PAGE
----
Humanity gone missing
One recent Monday, someone's son set himself on fire to end his despairing life in the Australian run prison/detention centre on Manus Island, PNG. "Smashed by hopelessness" is how Iranian writer Behrouz Boochani describes his life there.
Despair clouds the prison. What happens on Manus is veiled in secrecy but we do know that at least 50 other men have self harmed in desperation.
More than 500 men have been kept there for almost six years.
The system dehumanises and the economic burden on Australian taxpayers is massive.
Our government has budgeted to spend $526 million on off-shore processing in 2019-20. We need leadership and vision on this.
The governor of Manus is calling for Australia to take responsibility for finding a solution we have created.
The offer of visas for these refugees to start a new life in New Zealand has been refused by Australia.
Any of you who have fathers, brothers, uncles, sons can imagine what hopelessness grows when men are imprisoned, without a trial (because they have not committed any crime) and without any hope of a future.
Let's ask ourselves: "Would I be OK with this happening to my family?"
We are a clever, rich country with a reputation for generosity of spirit and a can-do attitude.
Surely we can be smarter than spending millions on a policy that produces smashed hopelessness.
Clare Cunnington, Yackandandah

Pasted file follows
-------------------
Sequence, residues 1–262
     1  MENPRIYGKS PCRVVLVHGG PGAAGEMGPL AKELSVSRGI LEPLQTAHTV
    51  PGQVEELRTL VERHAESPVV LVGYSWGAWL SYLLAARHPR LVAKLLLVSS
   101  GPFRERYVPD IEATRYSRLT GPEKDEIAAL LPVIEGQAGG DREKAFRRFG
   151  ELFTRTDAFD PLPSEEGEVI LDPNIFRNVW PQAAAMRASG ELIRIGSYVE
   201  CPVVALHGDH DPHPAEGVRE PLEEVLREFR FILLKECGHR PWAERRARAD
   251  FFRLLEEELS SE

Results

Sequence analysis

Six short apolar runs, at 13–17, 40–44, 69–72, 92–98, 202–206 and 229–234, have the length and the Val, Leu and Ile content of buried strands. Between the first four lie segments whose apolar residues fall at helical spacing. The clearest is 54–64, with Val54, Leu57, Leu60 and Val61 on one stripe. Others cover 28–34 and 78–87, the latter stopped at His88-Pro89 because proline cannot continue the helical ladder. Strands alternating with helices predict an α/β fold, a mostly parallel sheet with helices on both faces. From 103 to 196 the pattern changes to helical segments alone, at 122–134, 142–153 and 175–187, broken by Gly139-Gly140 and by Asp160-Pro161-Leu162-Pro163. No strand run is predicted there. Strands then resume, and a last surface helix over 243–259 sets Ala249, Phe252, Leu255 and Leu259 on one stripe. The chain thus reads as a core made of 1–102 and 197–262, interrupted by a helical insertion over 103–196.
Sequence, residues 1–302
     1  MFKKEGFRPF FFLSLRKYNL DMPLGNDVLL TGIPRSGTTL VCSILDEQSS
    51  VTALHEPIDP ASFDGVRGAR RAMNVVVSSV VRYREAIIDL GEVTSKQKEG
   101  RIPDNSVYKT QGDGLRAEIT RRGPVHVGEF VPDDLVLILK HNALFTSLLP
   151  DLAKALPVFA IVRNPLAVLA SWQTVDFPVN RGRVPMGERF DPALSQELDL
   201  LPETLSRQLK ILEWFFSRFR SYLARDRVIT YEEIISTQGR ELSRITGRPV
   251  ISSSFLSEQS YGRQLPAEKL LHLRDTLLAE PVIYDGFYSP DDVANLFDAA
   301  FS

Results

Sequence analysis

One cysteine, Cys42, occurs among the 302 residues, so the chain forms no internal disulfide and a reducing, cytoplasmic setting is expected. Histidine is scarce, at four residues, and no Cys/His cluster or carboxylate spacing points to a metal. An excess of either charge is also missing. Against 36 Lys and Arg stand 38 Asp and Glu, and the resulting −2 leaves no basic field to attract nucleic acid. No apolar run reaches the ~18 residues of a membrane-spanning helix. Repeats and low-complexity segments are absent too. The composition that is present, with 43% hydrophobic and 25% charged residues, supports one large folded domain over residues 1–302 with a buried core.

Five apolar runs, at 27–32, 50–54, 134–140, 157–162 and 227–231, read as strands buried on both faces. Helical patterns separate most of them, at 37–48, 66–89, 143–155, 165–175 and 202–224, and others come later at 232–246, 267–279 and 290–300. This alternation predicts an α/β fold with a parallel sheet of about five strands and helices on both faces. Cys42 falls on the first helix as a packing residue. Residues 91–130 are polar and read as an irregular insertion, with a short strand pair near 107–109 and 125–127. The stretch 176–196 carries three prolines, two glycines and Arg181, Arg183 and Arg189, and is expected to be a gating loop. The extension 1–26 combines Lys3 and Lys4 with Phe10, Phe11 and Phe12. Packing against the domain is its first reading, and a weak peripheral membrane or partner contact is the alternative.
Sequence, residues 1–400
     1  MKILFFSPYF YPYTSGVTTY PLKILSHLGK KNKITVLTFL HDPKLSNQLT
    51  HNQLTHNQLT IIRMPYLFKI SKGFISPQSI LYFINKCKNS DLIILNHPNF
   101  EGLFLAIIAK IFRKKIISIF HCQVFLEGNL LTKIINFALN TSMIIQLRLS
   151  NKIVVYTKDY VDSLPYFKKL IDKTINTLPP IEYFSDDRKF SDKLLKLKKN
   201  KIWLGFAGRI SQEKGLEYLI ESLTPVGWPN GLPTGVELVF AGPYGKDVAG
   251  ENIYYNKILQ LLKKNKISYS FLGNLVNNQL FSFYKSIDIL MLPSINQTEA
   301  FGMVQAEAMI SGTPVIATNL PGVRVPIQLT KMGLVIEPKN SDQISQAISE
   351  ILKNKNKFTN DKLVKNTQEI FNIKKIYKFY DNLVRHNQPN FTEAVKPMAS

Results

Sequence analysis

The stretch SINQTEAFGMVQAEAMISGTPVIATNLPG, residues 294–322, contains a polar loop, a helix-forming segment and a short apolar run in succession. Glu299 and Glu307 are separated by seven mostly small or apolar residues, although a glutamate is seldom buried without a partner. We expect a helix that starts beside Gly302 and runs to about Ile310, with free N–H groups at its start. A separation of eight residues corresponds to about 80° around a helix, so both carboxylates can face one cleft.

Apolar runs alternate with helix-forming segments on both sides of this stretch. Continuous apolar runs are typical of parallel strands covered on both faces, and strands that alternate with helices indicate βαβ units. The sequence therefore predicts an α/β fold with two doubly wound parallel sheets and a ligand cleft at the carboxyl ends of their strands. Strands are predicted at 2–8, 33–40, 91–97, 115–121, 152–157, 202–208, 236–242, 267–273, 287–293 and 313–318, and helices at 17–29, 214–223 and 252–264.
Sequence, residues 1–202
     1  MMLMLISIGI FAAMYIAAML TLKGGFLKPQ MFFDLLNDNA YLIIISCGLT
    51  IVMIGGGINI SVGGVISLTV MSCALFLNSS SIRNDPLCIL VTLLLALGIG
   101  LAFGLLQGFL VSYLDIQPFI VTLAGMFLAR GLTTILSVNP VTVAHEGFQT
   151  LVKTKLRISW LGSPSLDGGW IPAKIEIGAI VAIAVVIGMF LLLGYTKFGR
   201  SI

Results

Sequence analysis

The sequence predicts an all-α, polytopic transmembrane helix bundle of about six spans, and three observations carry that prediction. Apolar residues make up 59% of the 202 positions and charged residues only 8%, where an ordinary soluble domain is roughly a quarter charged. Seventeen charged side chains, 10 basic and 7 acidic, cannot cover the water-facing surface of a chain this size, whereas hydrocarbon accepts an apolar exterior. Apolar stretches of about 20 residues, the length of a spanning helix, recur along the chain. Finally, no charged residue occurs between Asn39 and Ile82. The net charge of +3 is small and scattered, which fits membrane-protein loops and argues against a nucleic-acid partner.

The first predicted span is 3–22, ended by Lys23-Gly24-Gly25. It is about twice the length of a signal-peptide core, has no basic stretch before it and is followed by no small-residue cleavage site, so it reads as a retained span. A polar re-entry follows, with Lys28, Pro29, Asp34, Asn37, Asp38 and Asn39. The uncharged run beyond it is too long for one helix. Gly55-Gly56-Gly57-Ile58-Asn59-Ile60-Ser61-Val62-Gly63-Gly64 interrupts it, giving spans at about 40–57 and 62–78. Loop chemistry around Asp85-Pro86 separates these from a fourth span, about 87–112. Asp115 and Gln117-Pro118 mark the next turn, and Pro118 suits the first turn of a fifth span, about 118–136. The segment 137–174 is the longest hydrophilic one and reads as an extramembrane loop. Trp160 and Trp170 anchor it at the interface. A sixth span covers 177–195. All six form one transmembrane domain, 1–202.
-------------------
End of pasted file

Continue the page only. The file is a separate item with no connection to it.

Angus has the touch
Angus has had a long history in wheat politics and in his mission to drive key fundamental changes in the industry he left no stone unturned and with his strong linkage to the Liberal Party was ultimately successful in his endeavours.
Today producers and especially the younger generation of growers have real concerns on wheat imports, the declining quality of the crop, the cost of freight and handling and the encroachment of our key traditional overseas markets by the Black Sea and other suppliers.
It would be hoped that Angus will use his obvious talents, experience and commitment to provide leadership in taking the industry forward and ensuring that Australia regains the pinnacle of global wheat marketing as it had done for 60 years.
Jock Munro, Rankins Springs
Adani must be a truly massive enterprise if it is to cause this bird's extinction considering its distribution covers most of the entire state of Queensland.
I wonder where the concern was when the bird became extinct in NSW?
Chris Weller, Corowa
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